5 ways artificial intelligence is driving the automobile industry


Artificial intelligence is taking the automobile industry by storm while all the major automobile players are utilizing their resources and technology to come up with the best. The beauty of devices with artificial intelligence is that it tries to learn from sensory inputs like real sounds and imag...

How to control a machine using your mind

BBC News

Imagine being able to make a machine do your bidding with your thoughts alone, no button pressing, typing, screen tapping or fumbling with remote controls, just brain power. Well, this sci-fi scenario could be closer to reality than you think. Bill Kochevar's life was changed, seemingly irrevocably, when he was paralysed from the shoulders down following a cycling accident nearly a decade ago. But last year he was fitted with a brain-computer interface, or BCI, that enabled him to move his arm and hand for the first time in eight years. Sensors were implanted in his brain, then over a four-month period Mr Kochevar trained the system by thinking about specific movements, such as turning his wrist or gripping something.

5 Exciting Machine Learning Use Cases in Business IoT For All


The release of two machine learning (ML) model builders have made it easier for software engineers to create and run ML models, even without specialized training. Microsoft and Amazon Web Services' (AWS) Gluon is an open source project that eliminates some of the difficult work required to develop artificial intelligence (AI) systems. It provides training algorithms and neural network models, two important components of a deep learning system, that developers can use to develop their own ML systems. Google's ML engine is part of its cloud platform and is offered as a managed service for developers to build ML models that work on any type of data, of any size. Similar to Gluon, Google's service provides pre-trained models for developers to generate their own tailored ML models.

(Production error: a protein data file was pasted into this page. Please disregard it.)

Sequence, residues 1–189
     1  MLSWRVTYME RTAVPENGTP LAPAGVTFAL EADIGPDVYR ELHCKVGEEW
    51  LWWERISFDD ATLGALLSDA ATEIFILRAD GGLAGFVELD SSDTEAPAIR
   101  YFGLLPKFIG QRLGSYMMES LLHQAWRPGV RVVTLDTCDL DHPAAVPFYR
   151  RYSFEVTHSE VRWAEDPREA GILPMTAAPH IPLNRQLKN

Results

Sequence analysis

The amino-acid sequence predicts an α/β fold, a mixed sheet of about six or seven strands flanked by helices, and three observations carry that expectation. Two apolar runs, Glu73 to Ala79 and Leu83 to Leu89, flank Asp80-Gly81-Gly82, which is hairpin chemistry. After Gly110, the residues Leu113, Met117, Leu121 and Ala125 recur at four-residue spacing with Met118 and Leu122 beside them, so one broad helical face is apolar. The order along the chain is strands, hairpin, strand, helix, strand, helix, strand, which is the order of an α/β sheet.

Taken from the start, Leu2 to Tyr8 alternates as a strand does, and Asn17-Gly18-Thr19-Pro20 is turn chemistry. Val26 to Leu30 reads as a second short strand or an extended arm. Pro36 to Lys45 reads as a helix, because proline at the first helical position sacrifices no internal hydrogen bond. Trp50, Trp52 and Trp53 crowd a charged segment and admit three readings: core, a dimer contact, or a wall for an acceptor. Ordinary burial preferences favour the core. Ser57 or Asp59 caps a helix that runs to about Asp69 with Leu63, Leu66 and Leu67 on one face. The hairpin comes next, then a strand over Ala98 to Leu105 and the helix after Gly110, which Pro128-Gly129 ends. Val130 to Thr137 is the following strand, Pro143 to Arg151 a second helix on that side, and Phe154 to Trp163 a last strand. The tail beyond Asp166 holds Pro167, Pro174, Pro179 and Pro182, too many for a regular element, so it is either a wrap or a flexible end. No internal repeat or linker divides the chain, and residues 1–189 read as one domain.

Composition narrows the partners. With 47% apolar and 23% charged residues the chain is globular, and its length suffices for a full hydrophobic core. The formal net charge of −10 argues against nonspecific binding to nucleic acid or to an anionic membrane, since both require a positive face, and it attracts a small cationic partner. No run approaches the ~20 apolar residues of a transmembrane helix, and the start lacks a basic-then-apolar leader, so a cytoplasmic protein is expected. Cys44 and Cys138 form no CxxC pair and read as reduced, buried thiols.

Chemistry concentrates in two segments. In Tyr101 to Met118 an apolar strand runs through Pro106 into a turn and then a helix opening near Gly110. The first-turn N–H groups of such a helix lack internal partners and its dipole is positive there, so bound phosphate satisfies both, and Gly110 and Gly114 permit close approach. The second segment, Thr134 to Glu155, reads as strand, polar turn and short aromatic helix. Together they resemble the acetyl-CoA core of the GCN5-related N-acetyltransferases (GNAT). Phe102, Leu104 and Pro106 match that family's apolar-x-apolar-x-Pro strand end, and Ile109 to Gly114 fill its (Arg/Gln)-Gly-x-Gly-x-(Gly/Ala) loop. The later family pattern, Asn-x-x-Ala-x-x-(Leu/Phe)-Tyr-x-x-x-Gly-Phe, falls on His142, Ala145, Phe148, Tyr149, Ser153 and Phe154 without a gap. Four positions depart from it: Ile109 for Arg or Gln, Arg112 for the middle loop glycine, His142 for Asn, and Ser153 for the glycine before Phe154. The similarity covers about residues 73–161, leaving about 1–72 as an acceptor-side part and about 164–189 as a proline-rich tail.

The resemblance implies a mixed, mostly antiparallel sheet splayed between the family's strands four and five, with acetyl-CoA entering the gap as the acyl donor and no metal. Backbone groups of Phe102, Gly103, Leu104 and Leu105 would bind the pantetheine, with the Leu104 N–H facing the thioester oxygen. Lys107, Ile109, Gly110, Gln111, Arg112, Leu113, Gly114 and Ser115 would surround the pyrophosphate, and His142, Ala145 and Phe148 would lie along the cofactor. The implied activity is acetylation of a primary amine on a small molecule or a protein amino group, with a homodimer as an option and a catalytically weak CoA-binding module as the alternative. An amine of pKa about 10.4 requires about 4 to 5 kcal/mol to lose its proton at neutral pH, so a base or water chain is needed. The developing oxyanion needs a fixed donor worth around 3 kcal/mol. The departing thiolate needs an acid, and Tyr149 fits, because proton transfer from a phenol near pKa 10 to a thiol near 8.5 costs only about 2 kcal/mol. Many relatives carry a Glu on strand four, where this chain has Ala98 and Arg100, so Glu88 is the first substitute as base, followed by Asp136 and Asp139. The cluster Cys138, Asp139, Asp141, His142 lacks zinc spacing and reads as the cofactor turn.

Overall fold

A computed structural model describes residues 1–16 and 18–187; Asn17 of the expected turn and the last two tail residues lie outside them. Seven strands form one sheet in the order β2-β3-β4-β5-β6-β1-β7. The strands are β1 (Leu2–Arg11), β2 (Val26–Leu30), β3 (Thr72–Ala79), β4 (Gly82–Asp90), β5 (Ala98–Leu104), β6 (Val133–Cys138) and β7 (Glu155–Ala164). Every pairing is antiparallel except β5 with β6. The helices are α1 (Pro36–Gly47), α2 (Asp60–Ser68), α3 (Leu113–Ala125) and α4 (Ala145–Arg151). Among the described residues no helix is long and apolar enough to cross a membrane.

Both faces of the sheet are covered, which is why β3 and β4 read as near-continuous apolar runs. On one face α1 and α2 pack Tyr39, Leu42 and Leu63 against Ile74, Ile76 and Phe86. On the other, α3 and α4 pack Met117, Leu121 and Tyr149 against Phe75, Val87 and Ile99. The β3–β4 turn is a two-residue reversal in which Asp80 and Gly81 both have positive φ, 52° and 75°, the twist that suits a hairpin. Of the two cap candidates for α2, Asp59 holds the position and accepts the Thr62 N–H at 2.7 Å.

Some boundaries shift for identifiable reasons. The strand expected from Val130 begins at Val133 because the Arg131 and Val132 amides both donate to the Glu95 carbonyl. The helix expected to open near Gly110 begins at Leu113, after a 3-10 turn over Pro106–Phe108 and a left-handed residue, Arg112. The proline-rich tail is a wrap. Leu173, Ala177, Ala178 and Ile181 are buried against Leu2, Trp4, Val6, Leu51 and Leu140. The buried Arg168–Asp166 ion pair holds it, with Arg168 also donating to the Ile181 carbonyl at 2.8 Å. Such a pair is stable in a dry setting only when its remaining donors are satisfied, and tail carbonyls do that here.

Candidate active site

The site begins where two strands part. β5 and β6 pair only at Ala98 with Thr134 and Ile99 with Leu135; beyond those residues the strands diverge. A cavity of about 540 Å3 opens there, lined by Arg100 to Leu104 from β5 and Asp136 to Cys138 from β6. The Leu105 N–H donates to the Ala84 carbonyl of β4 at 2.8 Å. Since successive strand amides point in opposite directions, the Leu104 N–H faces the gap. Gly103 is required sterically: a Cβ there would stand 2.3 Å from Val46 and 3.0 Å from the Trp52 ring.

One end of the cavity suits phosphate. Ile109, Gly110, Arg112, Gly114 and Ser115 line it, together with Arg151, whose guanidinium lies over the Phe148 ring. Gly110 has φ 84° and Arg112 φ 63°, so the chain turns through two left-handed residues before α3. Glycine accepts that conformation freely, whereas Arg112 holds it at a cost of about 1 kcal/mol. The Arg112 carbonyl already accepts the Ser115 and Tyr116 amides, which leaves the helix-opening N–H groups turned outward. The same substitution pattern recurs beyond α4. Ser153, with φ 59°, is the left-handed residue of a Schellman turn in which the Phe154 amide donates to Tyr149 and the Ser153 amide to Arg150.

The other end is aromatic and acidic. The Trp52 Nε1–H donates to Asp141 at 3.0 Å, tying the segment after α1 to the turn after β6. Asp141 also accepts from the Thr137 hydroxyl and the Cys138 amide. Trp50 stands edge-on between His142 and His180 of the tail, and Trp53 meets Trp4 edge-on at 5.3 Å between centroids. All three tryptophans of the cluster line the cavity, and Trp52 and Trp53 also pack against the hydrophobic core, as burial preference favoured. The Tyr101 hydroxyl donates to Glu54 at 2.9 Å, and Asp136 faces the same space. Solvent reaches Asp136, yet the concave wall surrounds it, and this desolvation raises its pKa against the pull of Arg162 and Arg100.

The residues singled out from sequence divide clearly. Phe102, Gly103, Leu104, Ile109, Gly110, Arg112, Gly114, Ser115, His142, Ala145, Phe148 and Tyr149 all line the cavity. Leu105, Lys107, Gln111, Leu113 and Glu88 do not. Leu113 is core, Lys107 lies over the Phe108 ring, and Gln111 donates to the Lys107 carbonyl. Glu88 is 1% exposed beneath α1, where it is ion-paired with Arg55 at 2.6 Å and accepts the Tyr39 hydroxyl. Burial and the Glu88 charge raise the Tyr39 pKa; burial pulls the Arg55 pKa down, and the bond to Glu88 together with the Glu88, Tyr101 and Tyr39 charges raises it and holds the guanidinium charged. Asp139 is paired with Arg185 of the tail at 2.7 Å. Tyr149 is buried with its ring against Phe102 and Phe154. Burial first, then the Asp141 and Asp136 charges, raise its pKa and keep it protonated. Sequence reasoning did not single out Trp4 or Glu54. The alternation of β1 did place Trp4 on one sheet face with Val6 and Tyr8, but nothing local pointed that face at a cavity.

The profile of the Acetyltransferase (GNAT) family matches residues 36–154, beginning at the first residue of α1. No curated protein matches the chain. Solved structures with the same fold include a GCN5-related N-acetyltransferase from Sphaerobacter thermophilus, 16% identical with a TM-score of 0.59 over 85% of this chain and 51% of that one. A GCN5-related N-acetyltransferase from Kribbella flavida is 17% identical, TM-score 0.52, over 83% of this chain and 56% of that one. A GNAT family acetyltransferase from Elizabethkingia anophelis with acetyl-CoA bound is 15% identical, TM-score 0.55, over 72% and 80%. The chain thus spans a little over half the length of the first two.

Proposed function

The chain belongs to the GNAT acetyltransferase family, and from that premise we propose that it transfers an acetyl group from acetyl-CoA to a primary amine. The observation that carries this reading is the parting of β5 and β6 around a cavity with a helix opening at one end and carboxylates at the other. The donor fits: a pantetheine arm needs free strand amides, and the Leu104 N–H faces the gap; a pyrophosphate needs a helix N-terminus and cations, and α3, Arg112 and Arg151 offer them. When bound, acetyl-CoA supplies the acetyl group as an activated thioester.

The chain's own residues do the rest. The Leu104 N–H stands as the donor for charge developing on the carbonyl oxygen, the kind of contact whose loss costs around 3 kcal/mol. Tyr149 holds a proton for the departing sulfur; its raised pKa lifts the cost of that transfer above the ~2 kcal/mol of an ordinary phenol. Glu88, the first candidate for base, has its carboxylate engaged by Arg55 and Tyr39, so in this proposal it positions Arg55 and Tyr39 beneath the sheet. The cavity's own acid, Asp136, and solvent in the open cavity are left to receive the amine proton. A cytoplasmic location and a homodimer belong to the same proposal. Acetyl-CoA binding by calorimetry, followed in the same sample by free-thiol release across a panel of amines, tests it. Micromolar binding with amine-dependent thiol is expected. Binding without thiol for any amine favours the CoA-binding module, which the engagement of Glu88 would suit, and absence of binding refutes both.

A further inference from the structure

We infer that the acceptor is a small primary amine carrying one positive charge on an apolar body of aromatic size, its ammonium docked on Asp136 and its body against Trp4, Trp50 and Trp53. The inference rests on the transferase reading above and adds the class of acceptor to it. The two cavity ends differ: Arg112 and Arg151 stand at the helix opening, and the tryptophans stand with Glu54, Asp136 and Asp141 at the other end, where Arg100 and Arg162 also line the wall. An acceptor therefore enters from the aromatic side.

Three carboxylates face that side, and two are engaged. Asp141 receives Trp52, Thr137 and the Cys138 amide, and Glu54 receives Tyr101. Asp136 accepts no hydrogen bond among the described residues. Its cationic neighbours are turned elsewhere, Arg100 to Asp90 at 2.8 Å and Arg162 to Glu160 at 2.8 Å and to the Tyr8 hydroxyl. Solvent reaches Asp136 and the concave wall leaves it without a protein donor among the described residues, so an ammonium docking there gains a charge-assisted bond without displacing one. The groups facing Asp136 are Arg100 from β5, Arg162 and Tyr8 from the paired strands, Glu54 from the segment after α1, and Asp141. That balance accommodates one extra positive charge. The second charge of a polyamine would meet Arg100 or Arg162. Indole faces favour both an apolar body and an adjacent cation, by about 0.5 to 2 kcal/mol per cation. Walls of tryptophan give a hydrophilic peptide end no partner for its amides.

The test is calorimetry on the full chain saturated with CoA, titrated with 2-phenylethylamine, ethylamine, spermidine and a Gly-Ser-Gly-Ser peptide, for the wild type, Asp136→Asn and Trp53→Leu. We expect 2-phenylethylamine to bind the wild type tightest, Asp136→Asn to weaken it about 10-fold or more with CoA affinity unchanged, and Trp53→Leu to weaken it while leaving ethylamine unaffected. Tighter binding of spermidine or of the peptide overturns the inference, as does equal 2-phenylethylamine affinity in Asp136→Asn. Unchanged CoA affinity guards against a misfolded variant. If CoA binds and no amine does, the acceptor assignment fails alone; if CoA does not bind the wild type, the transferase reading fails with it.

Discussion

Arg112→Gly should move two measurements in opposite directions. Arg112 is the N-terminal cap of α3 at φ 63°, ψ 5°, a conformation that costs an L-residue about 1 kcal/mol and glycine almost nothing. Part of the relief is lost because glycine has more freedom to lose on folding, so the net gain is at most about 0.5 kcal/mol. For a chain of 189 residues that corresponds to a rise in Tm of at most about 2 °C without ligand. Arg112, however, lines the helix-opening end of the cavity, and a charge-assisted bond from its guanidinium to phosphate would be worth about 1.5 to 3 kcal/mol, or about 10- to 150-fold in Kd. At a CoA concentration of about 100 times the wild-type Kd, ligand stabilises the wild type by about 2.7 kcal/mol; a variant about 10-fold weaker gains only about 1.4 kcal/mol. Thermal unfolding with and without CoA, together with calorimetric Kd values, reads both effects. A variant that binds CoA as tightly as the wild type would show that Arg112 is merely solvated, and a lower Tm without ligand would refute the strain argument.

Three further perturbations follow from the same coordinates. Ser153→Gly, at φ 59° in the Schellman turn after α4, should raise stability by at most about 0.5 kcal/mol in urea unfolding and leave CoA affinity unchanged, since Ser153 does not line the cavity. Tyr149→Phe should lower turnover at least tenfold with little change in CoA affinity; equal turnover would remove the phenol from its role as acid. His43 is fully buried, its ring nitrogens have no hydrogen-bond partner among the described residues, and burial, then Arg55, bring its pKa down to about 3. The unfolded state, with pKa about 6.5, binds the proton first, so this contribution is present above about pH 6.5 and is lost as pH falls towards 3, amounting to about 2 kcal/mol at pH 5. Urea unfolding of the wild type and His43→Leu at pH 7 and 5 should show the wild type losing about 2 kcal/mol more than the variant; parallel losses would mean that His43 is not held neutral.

Trends In Analytics - 2020


Data has evolved to become the lifeblood of every organization and analytics has grown and expanded enough that almost every organization today, recognizes the business value that analytics offers.Significantly improvedcomputational power, combined with low-cost storage and increasingly sophisticated algorithms mean that the next two-three years could possibly usher in the most exciting phase for analytics. Let's take a look at some of the trends that could dominate the near future. For the last couple of years, the trendwas to label everything that does something remotely clever or unexpected as Artificial Intelligence. While AI is certainly worthy of attention,2018 promises to be the year that separates the reality from the hype.Analytically mature organizations have already embarked on small scale experiments to embed greater smartness in their systems in areas of Chat Bots, Fraud detection, and so on. Those who have applied AI in a practical and clearly defined manner will see success.